Background: Oral appliances (OAs) are generally designed to displace the mandible anteriorly and downward, to increase the airway patency. The present study aimed to examine the relationship between genioglossus (GG) muscle activity and mandibular position, considering both anterior and vertical displacements during sleep. Methods: Seven healthy male adults aged 29.4 ± 1.99 years were evaluated. Maxillary and mandibular OAs were fabricated from 2-mm-thick resin plates with pressure-welding. The activity of the left GG was recorded using two silver ball electrodes attached to the lingual edge of the mandibular OA. Respiratory status and right masseter muscle activity were measured by an airflow sensor and surface electrodes, respectively. Electroencephalography was used to determine the sleep status. Stage 2 (the second stage of sleep) was defined as the state of sleeping. Four test conditions with different mandibular positions (0 and 50% anterior protrusion) and bite openings (4 mm and 12 mm) were examined. Results: GG activity in SL4A (4 mm bite opening, 50% protrusion during sleep) and SL12 (12 mm bite opening, 0% protrusion during sleep) were significantly higher than that in SL4 (4 mm bite opening, 0% protrusion during sleep). Respiratory volume did not significantly differ between all test conditions. Conclusion: GG activity is influenced not only by anterior protrusion of the mandible but also by vertical displacement during sleep. Thus, when determining the effectiveness of intraoral appliances in the treatment of obstructive sleep apnea, both protrusion and the size of the mandibular opening should be evaluated and taken into account.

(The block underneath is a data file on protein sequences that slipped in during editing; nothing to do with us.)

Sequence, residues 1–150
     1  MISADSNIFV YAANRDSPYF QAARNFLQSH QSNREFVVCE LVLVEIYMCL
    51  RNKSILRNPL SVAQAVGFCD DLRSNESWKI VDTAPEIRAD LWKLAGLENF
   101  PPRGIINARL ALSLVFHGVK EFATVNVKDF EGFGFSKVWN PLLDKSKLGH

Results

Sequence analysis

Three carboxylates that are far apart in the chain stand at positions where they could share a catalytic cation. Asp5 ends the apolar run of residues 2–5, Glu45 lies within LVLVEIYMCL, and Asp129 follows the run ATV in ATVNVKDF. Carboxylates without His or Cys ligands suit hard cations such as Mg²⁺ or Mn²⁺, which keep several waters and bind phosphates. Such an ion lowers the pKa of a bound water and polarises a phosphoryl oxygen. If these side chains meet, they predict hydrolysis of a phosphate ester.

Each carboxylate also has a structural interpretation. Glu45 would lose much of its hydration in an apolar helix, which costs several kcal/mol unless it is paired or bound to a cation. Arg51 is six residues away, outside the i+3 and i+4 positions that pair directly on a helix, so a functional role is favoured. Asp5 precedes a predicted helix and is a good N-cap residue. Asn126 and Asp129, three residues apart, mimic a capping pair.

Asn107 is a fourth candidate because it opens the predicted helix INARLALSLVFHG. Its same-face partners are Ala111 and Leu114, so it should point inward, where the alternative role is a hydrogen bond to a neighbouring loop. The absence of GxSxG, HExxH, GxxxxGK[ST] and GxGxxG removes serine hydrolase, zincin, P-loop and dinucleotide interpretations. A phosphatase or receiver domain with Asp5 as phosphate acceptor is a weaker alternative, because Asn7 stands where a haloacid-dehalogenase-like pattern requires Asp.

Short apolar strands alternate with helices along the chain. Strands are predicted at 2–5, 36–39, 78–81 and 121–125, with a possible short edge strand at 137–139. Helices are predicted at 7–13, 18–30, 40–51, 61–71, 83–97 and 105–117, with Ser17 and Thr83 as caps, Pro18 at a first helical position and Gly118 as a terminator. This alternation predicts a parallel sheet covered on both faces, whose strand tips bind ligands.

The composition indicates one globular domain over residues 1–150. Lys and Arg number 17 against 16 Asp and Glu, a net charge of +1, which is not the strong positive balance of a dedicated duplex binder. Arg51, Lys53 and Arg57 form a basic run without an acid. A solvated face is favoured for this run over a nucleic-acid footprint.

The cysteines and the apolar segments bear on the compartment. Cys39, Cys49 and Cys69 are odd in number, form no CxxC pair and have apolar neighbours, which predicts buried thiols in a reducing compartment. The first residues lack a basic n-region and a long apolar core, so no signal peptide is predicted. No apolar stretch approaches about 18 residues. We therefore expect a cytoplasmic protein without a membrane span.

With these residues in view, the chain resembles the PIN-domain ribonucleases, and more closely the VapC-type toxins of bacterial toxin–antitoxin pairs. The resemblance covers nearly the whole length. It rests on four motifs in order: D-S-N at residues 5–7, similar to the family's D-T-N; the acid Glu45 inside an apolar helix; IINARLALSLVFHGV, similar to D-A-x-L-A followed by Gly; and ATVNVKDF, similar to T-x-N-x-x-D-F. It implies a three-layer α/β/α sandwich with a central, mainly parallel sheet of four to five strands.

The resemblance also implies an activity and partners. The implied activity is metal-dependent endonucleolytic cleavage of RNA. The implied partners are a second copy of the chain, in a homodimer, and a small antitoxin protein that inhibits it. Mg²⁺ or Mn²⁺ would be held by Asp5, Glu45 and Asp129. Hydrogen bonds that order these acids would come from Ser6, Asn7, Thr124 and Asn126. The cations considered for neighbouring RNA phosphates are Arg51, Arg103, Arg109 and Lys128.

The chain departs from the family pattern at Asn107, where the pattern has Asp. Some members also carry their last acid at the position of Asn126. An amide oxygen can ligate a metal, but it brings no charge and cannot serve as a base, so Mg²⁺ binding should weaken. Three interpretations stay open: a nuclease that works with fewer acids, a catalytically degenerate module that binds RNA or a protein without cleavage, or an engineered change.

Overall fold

ASJC Scopus subject areas
- Clinical Neurology